The most demanding speech any Chairman of the Federal Communications Commission (FCC) must deliver is the annual address to the National Association of Broadcasters (NAB) convention. The echoes of Chairman Newton Minow’s 1961 “vast wasteland” speech to that organization have haunted every word in every Chair’s script for over six decades. Those of us who followed Newt were only aspirants to his vision of a public interest-driven FCC with the responsibility to challenge those it regulated.
On May 6, 2023, Newton Minow died; his 97 years were ones of continual contributions to his country and our national communications systems.
Nineteen sixty-one, the first year of the Kennedy Administration, was the height of the power of television broadcasters. If a political leader or advertiser wanted to reach America, the path led through the three national networks and their local broadcast outlets. The message Minow delivered challenged those powerhouses to be better.
“When television is good, nothing – not the theater, not the magazines or newspapers – nothing is better,” he told the NAB audience. “But when television is bad, nothing is worse. I invite each of you to sit down in front of your television set when your station goes on the air and stay there, for a day, without a book, without a magazine, without a newspaper, without a profit and loss sheet or rating book to distract you… I can assure you that what you will observe is a vast wasteland.”
It was the first major address for the newly appointed, young (35-year-old) Chairman. Instead of lauding the broadcasters, as was traditional, Minow called them out and challenged their leadership to do better for their viewers. “There is nothing permanent or sacred about a broadcast license,” he told those whose livelihoods depended upon those FCC-issued licenses.
It was a challenge not only to the industry, but also to the agency that some viewed as being too close to those it was supposed to oversee. The year before Minow’s speech, a previous Chairman resigned in scandal after accepting a lavish cruise on the yacht of a broadcast company president. Minow not only challenged the broadcasters, but also challenged his new agency to look beyond accommodating the broadcasters to regulating them in the name of the public interest.
Of course, the broadcasters fought back. The speech was criticized as elitist, unfair, and oversimplified. A new television series Gilligan’s Island—which, it could be argued, fit his “vast wasteland” definition—mocked him by naming the marooned boat at the center of the show’s plot the S.S. Minnow (misspelling Minow’s name with two “n’s”).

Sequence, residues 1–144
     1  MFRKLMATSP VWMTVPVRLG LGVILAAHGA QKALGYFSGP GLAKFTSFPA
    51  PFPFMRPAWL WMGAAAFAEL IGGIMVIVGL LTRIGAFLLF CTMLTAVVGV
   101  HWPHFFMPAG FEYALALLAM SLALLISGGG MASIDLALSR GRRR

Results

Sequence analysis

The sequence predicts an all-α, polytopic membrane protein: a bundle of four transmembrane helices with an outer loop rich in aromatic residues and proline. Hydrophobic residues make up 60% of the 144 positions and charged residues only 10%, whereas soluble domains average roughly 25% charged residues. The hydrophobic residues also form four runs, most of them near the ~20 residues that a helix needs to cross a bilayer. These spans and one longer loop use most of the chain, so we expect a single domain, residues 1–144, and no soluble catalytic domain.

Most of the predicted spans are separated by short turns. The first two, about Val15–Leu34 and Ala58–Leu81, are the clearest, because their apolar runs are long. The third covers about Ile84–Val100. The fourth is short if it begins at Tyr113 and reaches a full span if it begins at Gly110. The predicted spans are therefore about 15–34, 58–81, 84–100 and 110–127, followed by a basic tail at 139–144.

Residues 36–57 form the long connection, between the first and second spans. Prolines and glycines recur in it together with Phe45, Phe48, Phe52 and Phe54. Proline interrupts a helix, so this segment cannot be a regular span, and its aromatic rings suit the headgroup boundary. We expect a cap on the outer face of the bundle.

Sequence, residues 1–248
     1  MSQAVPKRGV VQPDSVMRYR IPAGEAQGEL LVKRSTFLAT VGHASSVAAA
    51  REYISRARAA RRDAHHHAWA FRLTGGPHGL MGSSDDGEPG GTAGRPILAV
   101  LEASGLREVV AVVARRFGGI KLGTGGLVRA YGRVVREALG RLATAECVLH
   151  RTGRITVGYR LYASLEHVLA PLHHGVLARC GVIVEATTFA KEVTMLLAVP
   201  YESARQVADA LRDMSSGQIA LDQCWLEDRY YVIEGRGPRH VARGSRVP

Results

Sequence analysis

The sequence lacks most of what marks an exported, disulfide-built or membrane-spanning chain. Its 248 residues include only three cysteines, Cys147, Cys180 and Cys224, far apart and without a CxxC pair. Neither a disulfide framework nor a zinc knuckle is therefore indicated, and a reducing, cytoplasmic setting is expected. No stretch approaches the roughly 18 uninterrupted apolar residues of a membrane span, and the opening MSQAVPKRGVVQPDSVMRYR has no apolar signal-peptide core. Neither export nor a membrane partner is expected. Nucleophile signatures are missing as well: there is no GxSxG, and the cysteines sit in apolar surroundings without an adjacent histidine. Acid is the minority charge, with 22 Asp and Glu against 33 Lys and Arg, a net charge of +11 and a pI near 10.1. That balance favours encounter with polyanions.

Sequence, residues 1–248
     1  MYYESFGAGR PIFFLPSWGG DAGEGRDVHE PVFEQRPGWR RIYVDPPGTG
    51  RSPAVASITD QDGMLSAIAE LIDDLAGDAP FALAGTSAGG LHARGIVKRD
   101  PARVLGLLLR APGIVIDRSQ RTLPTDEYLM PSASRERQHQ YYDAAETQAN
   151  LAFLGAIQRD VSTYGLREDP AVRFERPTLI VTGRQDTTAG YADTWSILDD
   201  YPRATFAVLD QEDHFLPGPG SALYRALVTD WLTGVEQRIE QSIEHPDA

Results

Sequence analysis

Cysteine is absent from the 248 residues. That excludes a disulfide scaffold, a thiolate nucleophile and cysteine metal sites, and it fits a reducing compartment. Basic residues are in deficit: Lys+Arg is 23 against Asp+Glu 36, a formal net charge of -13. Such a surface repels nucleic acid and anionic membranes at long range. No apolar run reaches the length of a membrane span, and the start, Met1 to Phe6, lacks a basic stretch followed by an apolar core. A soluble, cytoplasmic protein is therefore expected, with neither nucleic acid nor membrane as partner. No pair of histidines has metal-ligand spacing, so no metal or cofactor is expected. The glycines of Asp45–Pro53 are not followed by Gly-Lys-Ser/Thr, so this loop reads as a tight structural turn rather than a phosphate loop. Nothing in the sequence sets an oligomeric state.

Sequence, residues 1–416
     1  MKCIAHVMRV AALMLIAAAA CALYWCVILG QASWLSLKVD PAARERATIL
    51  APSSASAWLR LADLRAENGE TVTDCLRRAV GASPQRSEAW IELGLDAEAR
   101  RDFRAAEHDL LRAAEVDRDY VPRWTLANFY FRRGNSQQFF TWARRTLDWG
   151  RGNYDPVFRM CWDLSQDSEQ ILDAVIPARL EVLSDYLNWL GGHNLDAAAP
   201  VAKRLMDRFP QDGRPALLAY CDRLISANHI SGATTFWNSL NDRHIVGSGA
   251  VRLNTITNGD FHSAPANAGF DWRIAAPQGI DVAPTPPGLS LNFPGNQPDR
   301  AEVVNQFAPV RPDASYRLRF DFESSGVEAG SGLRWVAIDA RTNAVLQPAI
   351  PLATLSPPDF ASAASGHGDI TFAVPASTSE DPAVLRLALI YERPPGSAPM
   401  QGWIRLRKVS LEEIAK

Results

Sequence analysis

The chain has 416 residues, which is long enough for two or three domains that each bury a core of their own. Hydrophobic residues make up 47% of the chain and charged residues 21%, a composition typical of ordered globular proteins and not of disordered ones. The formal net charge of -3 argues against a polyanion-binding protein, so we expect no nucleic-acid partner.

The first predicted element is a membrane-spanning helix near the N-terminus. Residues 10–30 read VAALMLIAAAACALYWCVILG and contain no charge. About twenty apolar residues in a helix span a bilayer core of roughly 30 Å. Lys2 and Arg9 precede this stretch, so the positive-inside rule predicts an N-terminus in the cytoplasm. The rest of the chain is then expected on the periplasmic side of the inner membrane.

Speaking truth to power in such a graceful, articulate, and powerful manner, however, became a part of the regulatory lexicon. Its effect was to change the discussion about broadcasting and raise the vision of government officials.
Newt Minow was only Chairman from 1961 to 1963. His “vast wasteland” speech made him famous, but his advocacy, vision, and leadership were broad and left lasting effects. After reframing the oversight of commercial broadcasting, Minow successfully fought for an increase in the number of public television stations. Then, at a time when public television’s UHF (ultrahigh frequency) airwaves could not be received by standard televisions but required an add-on antenna and tuner, Minow successfully fought to require all television sets to be manufactured with UHF capability, thus establishing parity with commercial broadcasters.
Newt Minow’s vision went far beyond broadcasting. Only three years after the launch of Sputnik, he foresaw satellites being used for communications and advocated for the establishment of an American communications satellite program. The result was the Communications Satellite Act of 1962 and the establishment of the Communications Satellite Corp. (Comsat) as a government entity. Then, when commercial provider Telstar proposed a non-governmental satellite, Minow’s FCC approved the application.
After leaving the FCC, Newt Minow continued to advocate for the public interest. He was a leader in the public broadcasting community and was instrumental in the creation of the presidential campaign debates. As a partner in the Chicago law firm Sidney and Austin, he hired as an intern a young Harvard Law student named Barack Obama. He once whispered to me that it was he who introduced Obama to a young associate in the firm, Michelle Robinson.
It was a privilege to know Newt Minow. I always loved opening my email to find a note from him commenting on one issue or another. He will always be an inspiration for FCC Chairs, including me, both for what he accomplished and for the vision and regulatory initiative he imbued in the agency and challenged us all to follow.